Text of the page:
I was also surprised to see that he had been in several films that I had not recognized him in, or remembered him being in, including The Untouchables, Bonfire of the Vanities, and Cool Hand Luke.

 

edit: I guess the forum does not allow you to use the pejorative that starts with red- and ends with -eck.


eleutheri


#15 jakeem

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Posted 22 April 2017 - 11:22 PM

Erin Moran started her acting career with the TV series "Daktari".

 

It appears that Cheryl Miller is the last surviving human member of the "Daktari" cast. As far as I can tell, Judy the Chimp -- also used as Debbie the Bloop in the TV series "Lost in Space" and as Stanley in Disney's 1965 comedy "The Monkey's Uncle" -- is still with us.

 



#16 hamradio

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Posted 22 April 2017 - 10:24 PM

Erin Moran started her acting career with the TV series "Daktari".

 

daktari.jpg

 

erin-moran-judy-the-chimp-daktari-season

 

erin-moran-marshall-thompson-daktari-sea


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#17 Richard Kimble

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Posted 22 April 2017 - 08:22 PM

 
Erin Moran, who famously played Joanie Cunningham on "Happy Days" and its spinoff "Joanie Loves Chachi", has died at 56
 
AYtDxrg.jpg

Life is never interesting enough somehow... You people who come to the movies know that.

 

gq1BVs3.jpg


#18 Richard Kimble

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Posted 15 April 2017 - 04:30 PM

 
​Clifton James, a veteran actor who appeared as Sheriff J.W. Pepper in two James Bond films, died Saturday morning at age 96.
 
James died just blocks away from his childhood home, surrounded by friends and family, loved ones told Variety in a statement.
 
Clifton was born in 1920, the eldest child of Grace and Harry James, and grew up just outside Portland, Oregon during the heart of the Great Depression.
 
According to relatives, he fought for five years on the front lines of the South Pacific, earning two Purple Hearts and a Silver Star for his service during World War II.
 
His acting career spanned nearly six decades, and included theater, film, and television. First appearing on stage in “The Time of Your Life,” he would go on to perform in several Broadway shows, including the Pulitzer Prize-winning drama “All The Way Home.”
 
James most famous role came on film. He appeared in two James Bond films opposite Roger Moore: “Live and Let Die” (1973) and “The Man with the Golden Gun” (1974). He portrayed the crowing Louisiana sheriff, J.W. Pepper (pictured). James would play similar Southern lawman in numerous other roles during his career, including “Silver Streak” and “Superman II”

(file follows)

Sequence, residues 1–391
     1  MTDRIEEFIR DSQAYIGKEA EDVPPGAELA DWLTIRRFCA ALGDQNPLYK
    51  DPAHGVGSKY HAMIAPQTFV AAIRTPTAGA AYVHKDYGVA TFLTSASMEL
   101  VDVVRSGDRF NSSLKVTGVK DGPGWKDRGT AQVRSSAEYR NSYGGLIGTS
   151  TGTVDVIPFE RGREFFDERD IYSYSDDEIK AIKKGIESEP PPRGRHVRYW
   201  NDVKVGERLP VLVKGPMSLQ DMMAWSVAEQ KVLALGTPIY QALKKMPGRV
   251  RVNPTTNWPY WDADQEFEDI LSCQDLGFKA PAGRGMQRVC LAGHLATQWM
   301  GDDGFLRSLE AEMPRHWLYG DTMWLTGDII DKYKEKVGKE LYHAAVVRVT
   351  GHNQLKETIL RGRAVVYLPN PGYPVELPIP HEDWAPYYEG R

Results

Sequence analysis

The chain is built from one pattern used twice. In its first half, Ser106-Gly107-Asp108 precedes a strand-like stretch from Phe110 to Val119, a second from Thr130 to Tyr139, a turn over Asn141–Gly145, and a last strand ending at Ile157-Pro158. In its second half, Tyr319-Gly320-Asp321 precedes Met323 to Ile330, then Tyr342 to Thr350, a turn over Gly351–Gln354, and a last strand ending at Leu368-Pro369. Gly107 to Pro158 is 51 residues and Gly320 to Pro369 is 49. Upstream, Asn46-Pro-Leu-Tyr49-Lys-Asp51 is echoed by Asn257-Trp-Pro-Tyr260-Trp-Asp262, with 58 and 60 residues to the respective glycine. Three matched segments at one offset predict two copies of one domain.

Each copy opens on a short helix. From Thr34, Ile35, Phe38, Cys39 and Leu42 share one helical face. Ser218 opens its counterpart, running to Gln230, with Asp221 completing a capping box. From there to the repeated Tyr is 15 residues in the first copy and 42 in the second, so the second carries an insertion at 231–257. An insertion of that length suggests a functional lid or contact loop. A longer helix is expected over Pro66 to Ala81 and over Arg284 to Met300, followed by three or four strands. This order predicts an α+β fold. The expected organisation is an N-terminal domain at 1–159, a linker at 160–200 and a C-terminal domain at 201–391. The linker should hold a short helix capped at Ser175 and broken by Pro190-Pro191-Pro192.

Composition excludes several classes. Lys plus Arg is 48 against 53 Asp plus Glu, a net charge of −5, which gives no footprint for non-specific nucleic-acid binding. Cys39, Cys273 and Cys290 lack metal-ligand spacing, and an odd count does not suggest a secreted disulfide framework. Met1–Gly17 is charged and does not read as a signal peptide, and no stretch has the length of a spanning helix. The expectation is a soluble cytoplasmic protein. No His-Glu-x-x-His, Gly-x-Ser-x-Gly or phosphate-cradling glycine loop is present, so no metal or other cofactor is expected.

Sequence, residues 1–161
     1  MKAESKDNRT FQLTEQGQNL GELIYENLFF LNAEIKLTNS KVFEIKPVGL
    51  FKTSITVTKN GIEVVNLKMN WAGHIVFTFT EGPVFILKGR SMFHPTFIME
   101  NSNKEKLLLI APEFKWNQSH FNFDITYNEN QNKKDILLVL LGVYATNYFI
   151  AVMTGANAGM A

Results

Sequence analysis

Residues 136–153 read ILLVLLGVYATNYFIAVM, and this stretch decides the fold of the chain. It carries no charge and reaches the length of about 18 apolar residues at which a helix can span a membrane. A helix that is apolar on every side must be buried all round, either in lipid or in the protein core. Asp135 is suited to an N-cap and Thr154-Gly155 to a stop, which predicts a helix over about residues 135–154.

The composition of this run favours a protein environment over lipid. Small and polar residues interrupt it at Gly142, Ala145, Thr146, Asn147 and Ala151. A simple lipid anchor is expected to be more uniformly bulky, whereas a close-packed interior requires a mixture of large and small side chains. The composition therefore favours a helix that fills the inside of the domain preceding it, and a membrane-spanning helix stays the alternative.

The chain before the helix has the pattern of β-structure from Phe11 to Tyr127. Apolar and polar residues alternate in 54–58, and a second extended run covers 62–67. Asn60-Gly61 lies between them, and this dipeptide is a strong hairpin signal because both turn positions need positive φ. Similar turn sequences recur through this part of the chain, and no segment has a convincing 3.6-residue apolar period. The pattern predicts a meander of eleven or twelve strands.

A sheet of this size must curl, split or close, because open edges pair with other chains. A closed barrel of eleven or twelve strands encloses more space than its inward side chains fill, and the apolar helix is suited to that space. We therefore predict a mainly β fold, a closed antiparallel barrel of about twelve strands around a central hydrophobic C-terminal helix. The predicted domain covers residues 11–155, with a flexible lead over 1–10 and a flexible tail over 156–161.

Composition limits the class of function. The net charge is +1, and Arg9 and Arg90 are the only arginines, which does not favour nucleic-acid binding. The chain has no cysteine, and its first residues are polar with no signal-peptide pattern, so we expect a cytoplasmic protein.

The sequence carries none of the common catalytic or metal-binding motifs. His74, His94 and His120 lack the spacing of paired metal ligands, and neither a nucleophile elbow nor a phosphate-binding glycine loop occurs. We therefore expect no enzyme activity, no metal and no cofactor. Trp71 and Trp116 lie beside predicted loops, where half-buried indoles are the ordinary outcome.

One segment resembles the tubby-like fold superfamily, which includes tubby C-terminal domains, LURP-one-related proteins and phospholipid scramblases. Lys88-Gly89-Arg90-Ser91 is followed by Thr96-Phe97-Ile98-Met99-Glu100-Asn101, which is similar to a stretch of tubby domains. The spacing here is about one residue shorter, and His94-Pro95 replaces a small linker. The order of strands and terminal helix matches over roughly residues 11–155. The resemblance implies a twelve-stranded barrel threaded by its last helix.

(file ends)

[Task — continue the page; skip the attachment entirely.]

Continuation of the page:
Among his other film credits included “Cool Hand Luke,” “Eight Men Out” and “The Bonfire of the Vanities.”
 
QHyjQwF.jpg

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Life is never interesting enough somehow... You people who come to the movies know that.

 

gq1BVs3.jpg


#19 LawrenceA

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Posted 12 April 2017 - 02:38 PM

Dorothy Mengering (1921-2017) - Better known as Dave's Mom, as in David Letterman. She gamely appeared on his late night talk show starting in 1994, and continued throughout the remaining run of his tenure as host of CBS's Late Show.

 

the_late_show_with_david_220336.jpg?w=67


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#20 LawrenceA

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Posted 12 April 2017 - 01:05 PM

They just keep coming...

 

 

Charlie Murphy (1959-2017) - Older brother of actor-comedian Eddie Murphy. Charlie acted in several films, including CB4Mo' Better BluesThe Players Club and The Perfect Holiday, as well as several of his brother's films. Charlie Murphy was also a US Navy veteran. He is perhaps best known to audiences for his reoccurring bits on the hit 00's TV series Chappelle's Show, where he would tell one of the many stories from his past as part of Eddie Murphy's entourage, including an encounter with Rick James that became one of the series' signature segments. Charlie Murphy died after a battle with leukemia.

 

charlie-murphy-mad-hatta-morning-show-fe